Given the offer’s spending requirements, the card’s rewards structure and its redemption options, here’s the most and least you could get out of the new Citi Premier deal, taking into account both the bonus points and the 5,000 to 15,000 additional points you'll earn while meeting the spending requirements.

Most: Spend $2,000 on your usual restaurant and entertainment purchases within three months. A lot of people don’t spend this much on restaurants and entertainment in a three-month period, and it would be counterproductive to change your spending habits just to maximize this bonus. But let’s say you and your spouse both eat out for lunch at work every day and go out for more meals on the weekends. You’ll easily earn 6,000 ThankYou points for your spending, in addition to the 20,000 bonus points, for a total of 26,000 ThankYou points.

If you redeem them for travel, they’re worth 25% more, so you’ve got $325 in airfare for the first part of the bonus.

In year two, you do the same thing with $3,000 and earn 9,000 points plus the 30,000 bonus, for a total of 39,000 points worth $487.50 in airfare.

Subtract the $125 annual fee you’ll pay in year two and you’ll net $362.50 in airfare.

All told, you’ll wring $687.50 out of the signup bonus.

But wait, there's more. You'll earn miles when you fly on your free ticket, since it isn't technically a frequent flyer ticket. If you fly from LAX to JFK round trip (4,950 miles) and points are worth 1 penny apiece, that’s another $49.50 earned, assuming you redeem your frequent flyer miles in the near future.

Least: You don’t spend much on dining, entertainment, airfare or hotels, so you earn just 2,000 ThankYou points (1 point per dollar) from the $2,000 you spend in your first three months. You decide to redeem your 22,000 points for gift cards because you rarely fly anywhere.

While you can get $100 gift cards to a few stores by redeeming 10,000 ThankYou points, you don't shop at any of those stores, so you're left with the 6,000 points for a $50 gift card options. You decide to redeem 18,000 points for $150 in Home Depot gift cards, which leaves you with an odd 4,000 points. You decide to use those to pay for an Amazon purchase worth about $30. Citi's Pay with Points feature has a slightly lower redemption rate than the store gift cards do. Unfortunately, there are no Amazon gift cards. So far the bonus has given you $180.

In year two, you earn 33,000 points, which you again redeem for gift cards and a small Amazon purchase, together worth about $275. After subtracting the annual fee of $125, you're netting just $150 for spending that second $3,000. And your total rewards are worth just $330. That's not so great.

If your situation sounds more like the "least" example, consider applying instead for the Citi ThankYou Preferred card, which offers 20,000 points after spending $1,500 within three months of account opening, but doesn’t have the 25% flight redemption bonus and only offers 2 points per $1 spent on dining and entertainment. Or, get the Premier card, but ditch it before the annual fee hits and don't worry about earning the second part of the bonus.

Photo: Philip Taylor PT

Don't get stuck with a tough-to-sell condo

Photo: The Pug Father

Condos are great if you don't want the maintenance hassles of a single family home. They can also be a more affordable option.

But condo life isn't part of most people's long-term home ownership plans. The National Association of Homebuilders says that more than half of condo owners move within six years of purchase.

If you're shopping for a condo, you'd be wise to think about its resale potential before you buy. Do you know which floors, bedroom counts and layouts are the most desirable? Which amenities buyers care about most? Which locations within the condo building your should avoid? My new article, Don't get stuck with a tough-to-sell condo, has answers to these questions and more tips for making the best condo-buying decision.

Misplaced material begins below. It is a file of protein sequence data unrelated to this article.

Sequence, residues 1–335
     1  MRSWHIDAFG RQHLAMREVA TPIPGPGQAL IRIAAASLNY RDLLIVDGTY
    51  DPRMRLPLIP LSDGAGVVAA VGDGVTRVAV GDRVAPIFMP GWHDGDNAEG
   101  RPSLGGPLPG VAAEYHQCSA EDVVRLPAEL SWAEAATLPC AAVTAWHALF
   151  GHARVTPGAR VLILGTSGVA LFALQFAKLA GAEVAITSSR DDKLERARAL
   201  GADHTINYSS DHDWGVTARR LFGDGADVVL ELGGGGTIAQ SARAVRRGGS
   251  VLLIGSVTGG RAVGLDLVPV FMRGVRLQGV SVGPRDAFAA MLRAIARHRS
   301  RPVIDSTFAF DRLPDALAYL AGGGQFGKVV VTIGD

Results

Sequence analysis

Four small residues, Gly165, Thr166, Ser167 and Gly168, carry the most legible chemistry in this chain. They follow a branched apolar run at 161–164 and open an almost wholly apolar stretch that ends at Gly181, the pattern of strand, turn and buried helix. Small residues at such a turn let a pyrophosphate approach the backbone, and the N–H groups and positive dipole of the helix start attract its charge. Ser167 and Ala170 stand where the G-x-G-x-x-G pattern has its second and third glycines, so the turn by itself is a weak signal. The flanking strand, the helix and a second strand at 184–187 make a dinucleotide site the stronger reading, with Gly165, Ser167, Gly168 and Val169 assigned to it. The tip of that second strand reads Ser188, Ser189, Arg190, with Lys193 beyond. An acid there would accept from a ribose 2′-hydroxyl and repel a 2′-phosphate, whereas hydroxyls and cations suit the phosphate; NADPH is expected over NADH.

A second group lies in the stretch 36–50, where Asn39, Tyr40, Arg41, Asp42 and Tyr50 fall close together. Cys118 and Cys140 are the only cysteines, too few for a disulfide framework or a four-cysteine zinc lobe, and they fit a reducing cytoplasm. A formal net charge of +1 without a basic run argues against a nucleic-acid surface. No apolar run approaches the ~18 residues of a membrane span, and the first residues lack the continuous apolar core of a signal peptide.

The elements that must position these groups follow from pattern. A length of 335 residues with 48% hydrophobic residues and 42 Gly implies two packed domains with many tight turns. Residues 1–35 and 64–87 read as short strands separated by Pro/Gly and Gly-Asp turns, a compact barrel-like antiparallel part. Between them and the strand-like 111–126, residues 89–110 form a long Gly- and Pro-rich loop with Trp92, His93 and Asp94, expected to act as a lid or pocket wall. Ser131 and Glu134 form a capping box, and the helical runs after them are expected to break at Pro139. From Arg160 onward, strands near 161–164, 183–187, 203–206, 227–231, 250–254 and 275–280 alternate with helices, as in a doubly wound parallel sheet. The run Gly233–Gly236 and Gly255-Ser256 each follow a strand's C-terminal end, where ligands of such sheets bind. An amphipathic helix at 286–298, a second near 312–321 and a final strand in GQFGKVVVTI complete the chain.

How to replace your front door

Photo: Ken Doerr

Did you know that replacing your front door is one of the most effective ways to increase your home's value? Your front door is part of your home's curb appeal, and it will influence what people expect to see when they enter your house. In other words, making a good first impression is valuable.

Front doors come in three materials: fiberglass, wood, and metal. You'll also need to decide what color to paint it, whether to add a storm door or a metal security door, and whether to repair or replace your front door yourself or hire a pro.

For help making these decisions and more, see what the real estate and home improvement experts I interviewed have to say about making smart choices for your front door in my article, How to replace your front door.

How to buy a condo with confidence

Photo: Mesa Royale

Buying a condo is trickier than buying a house, because you’ll be sharing living space and financial responsibilities with other condo owners.

Buyers should look at a condo purchase as an investment in not just a property, but also a business: the homeowners association, says Gail Pizetoski, who owns Condo & HOA Smart, which provides due-diligence reports on homeowners associations for prospective buyers.

Make sure the association is not just financially sound, but also structurally sound, by reviewing HOA meeting minutes and talking to building residents, she says.

“Many owners aren’t aware of the full range of their responsibilities before they buy their condo,” Pizetoski says.

After all, the HOA manages the structure, community maintenance and landscaping.
Buyers should ask for the association’s audited financial statements, current statements and budgets to see if there is enough money to fund the operating budget and if enough is being put aside for repairs and long-term improvements, says Katie Wethman, a Realtor with Keller Williams in Washington, D.C.
Learn more in my article that covers 5 smart moves to help you choose the right condo.